Asanoyama defeats Kakuryu! Zabuton nagatte kudasai! The Yokozuna had settled on the idea of winning by a throw. So he tried it once after the tachiai, then he worked Asanoyama over to the straw bales where he tried again. Didn’t work. Maybe the third time is the charm? No. The third time he Asanoyama gives a gentle shove and the Yokozuna is out.

Act one ends with a two-horse race between Takakeisho and Okinoumi! The hunt pack is now led by Kakuryu, and includes Goeido, Mitakeumi, Endo, Myogiryu, Meisei, Enho, and Ishiura. It’s still far too early in this drama for yusho race talk as we’re one third of the way in but that’s an exciting group of folks. Several sharks in these waters smell blood and a shot at a title! It is a bit disappointing that Ichinojo won’t be able to feast but he’ll be back!

Day One Key Points

Now that the training bouts and special events are over, it’s showtime. Blood has been shed, kensho has been claimed, salt has been brushed away, and power water has been purged, we have learned a bit.

Race for the Yusho

Even with one kinboshi yielded on the first day, the Yokozunae are still the favorites to win. But who are we kidding, Endo’s still in it! He’s just got off to a rough start, knocking off a bit of ring rust. Or more precisely, having the ring rust knocked out of him by the sport’s new top dog. With Hakuho still in recovery, Kakuryu is rightly anchoring the East.

Clearly, Hokutofuji’s off to a great start, and he was absolutely chuffed after today’s fantastic win. The way he drove forward reminded me of…Goeido from the bout before. Juggernaut’s strength is bulldozing his opponents, advancing. Always advancing.

Takakeisho is hunting for 10, certainly not 15. I doubt anyone out there, even among his most ardent supporters, was expecting him to bounce back competing for a title in his come-back tournament. He had his hands full against Daieisho and that is not a good sign. It was a surprise he kept his feet and won this bout.

Race for the Exits

Tochinoshin’s knee is looking terrible. Gunning called it after the quick Ichinojo throw when he noted that GETTING UP was difficult. He had to keep the leg straight. I was reminded of when my Grandmother was in her eighties. OK, that was harsh. I was reminded of the aftermath of last month’s 5K when I couldn’t bend my knee after pushing myself to a fourth personal best in a row. Dr. Google calls it an IT Band and says no one really knows how to cure it. Ice and heating pads are good, maybe some pre-race stretching will help. I really hope his doctor is better than Dr. Google.

Hakuho’s loss was troubling for me. A slap to start the bout and full retreat from there, ending in a light shower of purple rain. As Bruce reported a few days ago, the Dai-Yokozuna has been granted Japanese citizenship. That was followed soon after by an announcement from Sokokurai along the same lines, as Herouth noted below. He looked positively spry crab-walking Kotonowaka out of the ring for his first win of the tournament, though. While Tochinoshin’s exit, due to injury, may be upon us sooner than any of us expected, these two are making moves off the dohyo to start their next chapter.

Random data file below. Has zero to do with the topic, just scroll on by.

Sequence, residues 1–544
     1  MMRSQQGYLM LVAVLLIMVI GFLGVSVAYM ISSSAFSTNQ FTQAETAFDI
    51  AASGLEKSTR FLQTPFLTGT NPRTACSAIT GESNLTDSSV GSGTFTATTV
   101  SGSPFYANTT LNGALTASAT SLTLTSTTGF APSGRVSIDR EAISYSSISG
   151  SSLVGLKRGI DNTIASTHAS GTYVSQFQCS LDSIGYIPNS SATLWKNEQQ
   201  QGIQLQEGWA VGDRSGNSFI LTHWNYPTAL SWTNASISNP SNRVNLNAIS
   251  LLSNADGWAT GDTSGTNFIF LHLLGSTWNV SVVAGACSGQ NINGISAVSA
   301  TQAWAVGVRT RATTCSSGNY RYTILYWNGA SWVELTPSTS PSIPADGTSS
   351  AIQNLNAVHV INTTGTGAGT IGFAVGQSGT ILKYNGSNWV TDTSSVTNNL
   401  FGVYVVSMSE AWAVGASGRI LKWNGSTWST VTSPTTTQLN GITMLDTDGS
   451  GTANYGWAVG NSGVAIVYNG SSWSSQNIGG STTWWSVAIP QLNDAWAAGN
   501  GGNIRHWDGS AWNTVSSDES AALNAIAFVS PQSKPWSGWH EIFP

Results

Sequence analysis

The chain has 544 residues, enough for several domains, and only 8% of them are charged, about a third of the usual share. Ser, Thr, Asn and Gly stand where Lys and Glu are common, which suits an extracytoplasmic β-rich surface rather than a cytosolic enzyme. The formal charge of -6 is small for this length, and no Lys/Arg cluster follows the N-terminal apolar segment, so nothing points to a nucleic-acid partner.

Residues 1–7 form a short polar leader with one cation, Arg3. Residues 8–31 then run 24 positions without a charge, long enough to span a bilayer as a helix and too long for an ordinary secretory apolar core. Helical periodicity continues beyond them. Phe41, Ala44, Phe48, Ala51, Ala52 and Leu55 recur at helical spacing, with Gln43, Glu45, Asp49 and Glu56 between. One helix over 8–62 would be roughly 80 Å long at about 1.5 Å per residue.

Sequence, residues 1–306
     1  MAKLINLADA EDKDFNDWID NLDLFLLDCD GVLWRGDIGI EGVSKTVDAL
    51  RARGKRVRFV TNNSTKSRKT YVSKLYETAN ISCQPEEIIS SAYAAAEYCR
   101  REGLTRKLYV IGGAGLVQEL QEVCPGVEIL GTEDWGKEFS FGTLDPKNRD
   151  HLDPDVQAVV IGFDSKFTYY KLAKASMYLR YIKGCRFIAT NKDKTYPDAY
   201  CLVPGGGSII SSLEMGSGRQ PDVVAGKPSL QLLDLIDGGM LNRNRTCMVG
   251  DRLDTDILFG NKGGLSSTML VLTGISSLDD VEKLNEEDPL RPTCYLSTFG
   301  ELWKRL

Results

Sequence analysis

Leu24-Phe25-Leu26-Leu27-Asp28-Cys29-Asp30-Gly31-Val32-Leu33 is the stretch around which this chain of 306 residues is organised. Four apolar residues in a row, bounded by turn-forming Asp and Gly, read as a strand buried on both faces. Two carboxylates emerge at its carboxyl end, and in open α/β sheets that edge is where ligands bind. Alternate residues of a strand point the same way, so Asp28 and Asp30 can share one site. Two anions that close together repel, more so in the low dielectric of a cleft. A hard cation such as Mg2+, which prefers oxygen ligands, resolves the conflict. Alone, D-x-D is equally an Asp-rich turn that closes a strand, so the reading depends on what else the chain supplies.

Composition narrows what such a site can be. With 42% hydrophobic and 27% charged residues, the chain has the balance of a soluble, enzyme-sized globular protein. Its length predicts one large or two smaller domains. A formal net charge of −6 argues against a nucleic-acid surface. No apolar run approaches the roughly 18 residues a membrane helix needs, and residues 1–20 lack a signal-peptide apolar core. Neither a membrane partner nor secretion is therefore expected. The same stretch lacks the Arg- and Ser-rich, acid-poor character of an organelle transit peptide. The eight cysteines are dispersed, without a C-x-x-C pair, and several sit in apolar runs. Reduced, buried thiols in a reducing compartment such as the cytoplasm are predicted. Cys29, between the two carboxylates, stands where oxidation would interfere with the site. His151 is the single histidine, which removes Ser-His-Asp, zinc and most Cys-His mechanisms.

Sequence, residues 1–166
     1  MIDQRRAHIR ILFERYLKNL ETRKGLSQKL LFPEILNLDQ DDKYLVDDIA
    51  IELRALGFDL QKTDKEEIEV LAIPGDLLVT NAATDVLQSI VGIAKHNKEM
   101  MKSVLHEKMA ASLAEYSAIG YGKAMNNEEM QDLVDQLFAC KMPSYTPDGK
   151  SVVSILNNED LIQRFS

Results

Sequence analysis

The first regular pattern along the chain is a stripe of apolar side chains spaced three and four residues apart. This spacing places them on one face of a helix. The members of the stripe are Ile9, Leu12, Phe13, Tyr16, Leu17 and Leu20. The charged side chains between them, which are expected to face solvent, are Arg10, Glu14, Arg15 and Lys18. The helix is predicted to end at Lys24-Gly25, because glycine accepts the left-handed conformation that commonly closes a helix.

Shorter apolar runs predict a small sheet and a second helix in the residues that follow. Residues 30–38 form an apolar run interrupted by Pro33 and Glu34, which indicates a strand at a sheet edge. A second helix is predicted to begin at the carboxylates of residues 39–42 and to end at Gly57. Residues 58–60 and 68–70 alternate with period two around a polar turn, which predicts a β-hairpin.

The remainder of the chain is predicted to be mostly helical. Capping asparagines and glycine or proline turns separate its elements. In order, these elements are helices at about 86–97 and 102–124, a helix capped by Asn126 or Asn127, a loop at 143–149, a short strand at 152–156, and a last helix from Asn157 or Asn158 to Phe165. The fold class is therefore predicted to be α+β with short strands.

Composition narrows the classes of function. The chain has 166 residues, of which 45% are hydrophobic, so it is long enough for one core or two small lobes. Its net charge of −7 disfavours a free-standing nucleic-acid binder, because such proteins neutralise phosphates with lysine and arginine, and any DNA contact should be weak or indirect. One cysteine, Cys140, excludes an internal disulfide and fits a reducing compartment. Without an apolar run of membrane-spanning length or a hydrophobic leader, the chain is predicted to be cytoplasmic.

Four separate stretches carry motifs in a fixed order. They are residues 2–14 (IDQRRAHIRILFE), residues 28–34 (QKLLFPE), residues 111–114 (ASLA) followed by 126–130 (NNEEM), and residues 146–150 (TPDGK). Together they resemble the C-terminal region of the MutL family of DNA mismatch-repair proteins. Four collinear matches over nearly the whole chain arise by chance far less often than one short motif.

Race for Sanyaku

Enho’s win against Onosho today was an absolute gem. On the ropes at several points during the bout, it was definitely his bout to lose…until he twisted around and plucked a win from thin air. Terutsuyoshi dispatched a resurgent Kotoyuki. That pixie dust is potent. Of the four, who do you think will reach sanyaku first? One of those who has been there before? Or one the pixies?

Tomokaze’s even more rapid rise continues. His opponent today, Abi, is by this point a seasoned Makuuchi wrestler. Tomokaze studied that hatakikomi vulnerability and wasted no time dispatching the tadpole. Should Tomokaze be granted tadpole status? Or is his rise something else?

Race for Sekitori

In makushita and below, we’re only half-way through the first set of bouts. Several key ones are tonight, with Hoshoryu against Akiseyama and Chiyootori facing Tsurubayashi. With Naya losing his first bout against the veteran Toyohibiki, sekitori hopes for 2019 are likely for naught but 2020 is around the corner. The makushita joi is rough but the churn in the top ranks has yet to settle.

Chiyonokuni’s return was marked with a slapfest. I would put money on all seven of his bouts being fought this way, far from the belt. I wouldn’t be surprised if he goes kyujo if he manages four wins early in the tournament but I also wouldn’t be surprised if he’s hoping for yusho. Chiyonokuni’s injury forced him to fall much lower than his abilities and a return to the salaried ranks in early 2020.

Jungyo Report – Sapporo

We still have more than a week before honbasho, so let’s take a look at the Jungyo events in Sapporo, which took place on August 17 and 18.

As it is hard to separate materials that were posted about the two days of this Sapporo event, I am going to plot them as one event. So while I’m fitting the post to the usual “Jungyo Day” format, bear in mind that the actual events described may not have been part of the same sequence.

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Jungyo Report – Aomori

The Jungyo is nearly over. In a few hours, the last event – after a few days of hiatus – is going to take place at Tokyo’s KITTE mall, to be shortly followed by the banzuke announcement and all that come with them.

I’ll keep on writing a few Jungyo reports as my time allows, though, because the basho is still a long way away, and because some of you like reading them, it seems. But I can’t in honesty call them “Newsreels” anymore, because, well, the news are a bit old.

Today I’ll cover the two events that took place on August 14 and 15 at Aomori prefecture. These are days 16 and 17 of the Jungyo. The events at Aomori marked a departure of the Juryo rikishi – with the exception of Kyokutaisei and Ichiyamamoto, who are Hokkaido men and expected in the Hokkaido events. Also, Takagenji, the upper-ranking Taka Twin, has joined the Jungyo after being kyujo for its first part, just as his twin brother in Juryo has left it.